Form Versus Function: Struggling for Balance in Green Roof Aesthetics

Posted by Ecogardens

Form Versus Function: Struggling for Balance in Green Roof Aesthetics | Too many people see green roofs as a battle of beautiful vs functional, but is that the case?


Form and function should play nicely together in green roofs, but an industry trend toward “instant green” is muddying the philosophy and giving consumers the wrong impression. 

Many people are confused whether green roofs are supposed to prioritize beauty, transforming a barren landscape, or function, providing important environmental services.

For some reason, this leads people to believe they have to choose one or the other, and thus is a stereotype born: Do you want a scrubby, ugly, environmentally conscious green roof? Or do you want a blingin’ rain garden, which is pretty but focuses less on the whole sustainability thing?

This, to us, is silly. Do you have to choose between peanut butter and jelly? Macaroni and cheese? Tea and biscuits?

No. No, you do not. (And obviously you like tea and biscuits. We asked your coworkers.)

The thing is, form and function play very nicely together on green roofs … but you have to take a different approach to green roof aesthetics. It’s important to understand what green really is, as well as what you can do to ensure your roof prioritizes urban ecology, stormwater and other values in addition to beauty.

The Problem with Instant Green


Form Versus Function: Struggling for Balance in Green Roof Aesthetics | Instant green is a fad that isn’t working in favor of the environment.

Much of the industry is focused on providing “instant green,” throwing down as much plant life as it takes to produce a garden-like effect right off the bat.

While that’s pretty, certainly, it kind of misses the point: to produce a self-sustaining habitat that doesn’t need a lot of babying from here on out.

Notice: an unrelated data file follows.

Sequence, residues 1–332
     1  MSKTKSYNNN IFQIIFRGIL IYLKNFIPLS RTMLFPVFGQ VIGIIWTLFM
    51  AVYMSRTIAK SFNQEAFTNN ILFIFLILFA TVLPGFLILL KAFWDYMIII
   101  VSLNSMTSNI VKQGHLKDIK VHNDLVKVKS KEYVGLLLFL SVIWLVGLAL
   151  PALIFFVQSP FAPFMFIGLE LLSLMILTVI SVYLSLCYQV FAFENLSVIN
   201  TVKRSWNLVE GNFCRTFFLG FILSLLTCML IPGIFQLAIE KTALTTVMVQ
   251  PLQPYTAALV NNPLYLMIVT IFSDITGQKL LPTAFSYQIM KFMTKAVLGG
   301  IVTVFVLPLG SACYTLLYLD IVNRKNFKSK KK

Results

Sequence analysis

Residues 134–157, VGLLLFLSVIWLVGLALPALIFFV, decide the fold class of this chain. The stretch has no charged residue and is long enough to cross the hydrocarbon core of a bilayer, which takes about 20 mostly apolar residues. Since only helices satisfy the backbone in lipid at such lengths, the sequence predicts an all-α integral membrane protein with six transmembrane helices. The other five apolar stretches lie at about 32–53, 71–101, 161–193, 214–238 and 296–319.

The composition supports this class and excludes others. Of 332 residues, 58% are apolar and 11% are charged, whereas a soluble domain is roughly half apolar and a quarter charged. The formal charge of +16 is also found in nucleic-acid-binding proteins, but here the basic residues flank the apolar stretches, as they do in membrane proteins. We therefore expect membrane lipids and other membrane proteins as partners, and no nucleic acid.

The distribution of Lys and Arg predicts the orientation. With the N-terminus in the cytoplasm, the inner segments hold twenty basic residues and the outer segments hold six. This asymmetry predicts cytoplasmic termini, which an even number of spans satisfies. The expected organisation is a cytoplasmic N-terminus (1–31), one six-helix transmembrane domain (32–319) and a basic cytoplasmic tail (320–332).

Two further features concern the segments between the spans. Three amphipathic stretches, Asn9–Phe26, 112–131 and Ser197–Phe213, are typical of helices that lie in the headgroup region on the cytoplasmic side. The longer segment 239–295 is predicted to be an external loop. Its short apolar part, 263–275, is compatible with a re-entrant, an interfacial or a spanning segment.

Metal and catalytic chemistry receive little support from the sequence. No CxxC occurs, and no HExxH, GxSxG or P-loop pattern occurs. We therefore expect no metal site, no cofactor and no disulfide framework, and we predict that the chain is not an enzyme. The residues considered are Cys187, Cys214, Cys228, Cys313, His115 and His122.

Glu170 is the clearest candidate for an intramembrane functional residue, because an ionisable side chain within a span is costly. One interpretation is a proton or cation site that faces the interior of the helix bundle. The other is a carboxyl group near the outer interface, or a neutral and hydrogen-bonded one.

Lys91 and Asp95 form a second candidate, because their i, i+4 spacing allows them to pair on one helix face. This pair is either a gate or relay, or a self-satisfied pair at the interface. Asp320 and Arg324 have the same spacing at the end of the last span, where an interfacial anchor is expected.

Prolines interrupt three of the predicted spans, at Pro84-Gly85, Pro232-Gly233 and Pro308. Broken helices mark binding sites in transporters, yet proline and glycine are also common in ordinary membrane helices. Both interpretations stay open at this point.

Babying, see, is much more resource-intensive, which works against the whole “sustainable” thing. It's not the right approach to green roof aesthetics.

Plus, green roof contractors often aren’t straightforward about the fact that the shiny sedum carpet they’ve rolled out looks like that because it just got off the truck from the nursery, where it’s used to mainlining fertilizers.

Guess what happens when it hits the barren, far-less-loving rooftop environment?

If you guessed “shriveled faster than Great Aunt Ruth in the swimming pool on Memorial Day weekend,” then you are correct.

As if more intensive maintenance-to-come and greater upfront fertilizer consumption isn’t enough, those green carpets are more expensive as well – meaning customers end up paying Rolls Royce prices for Go-kart products.

Not cool, man.

A Different Kind of Green


Form Versus Function: Struggling for Balance in Green Roof Aesthetics | Sustainability shouldn’t have to be green in color, and green plants aren’t always sustainable.

It’s really a question of what “green” is.

What if something is green on the outside, but requires frequent replacement and lots of inputs? Is that really green?

And what if a grass is brown, but offers amazing benefits in the form of wildlife habitat and stormwater management?

It’s not as simple as we might like, you see.

This isn’t to say that you have to forget about green roof aesthetics altogether, because that makes no sense. The point isn’t to dismiss the idea of beauty in favor of sustainability – which is a problem at the opposite end of the spectrum – but to ensure that a rooftop looks better and better over time, all while respecting nature.

After all, which would you prefer:

  1. A cost-effective, low-maintenance roof that starts as bare soil and cuttings and blossoms over the course of a few years, but doesn’t take a lot of maintenance or chemical inputs?
  2. A beautiful, lush and vibrant green roof from the start, which quickly starts to fail once the contractors walk away?

In the not-so-long run, it becomes clear that a truly “green” roof doesn’t necessarily have to start green, but will end up so. Whereas an instant “green” roof can work against sustainability, resiliency and even green roof aesthetics themselves. 

Form and Function: The Ideal Combination


So how exactly do form and function combine? By ensuring that the latter naturally leads to the former, rather than hoping the former can somehow produce the latter. In many cases – especially with rooftop gardens, rain gardens and so forth – we do use a lot of green right up front. But always with an eye to what the system will look and function like in 5,10 or 15 years, not just today.

It’s a different way of looking at things, we know, but one our happy clients and customers can attest truly works. 

If you’d like to learn more about our process and design a sustainable and beautiful green roof of your own, we’d love to help. Please get in touch with us at Ecogardens today.



Topics: Green Roofs

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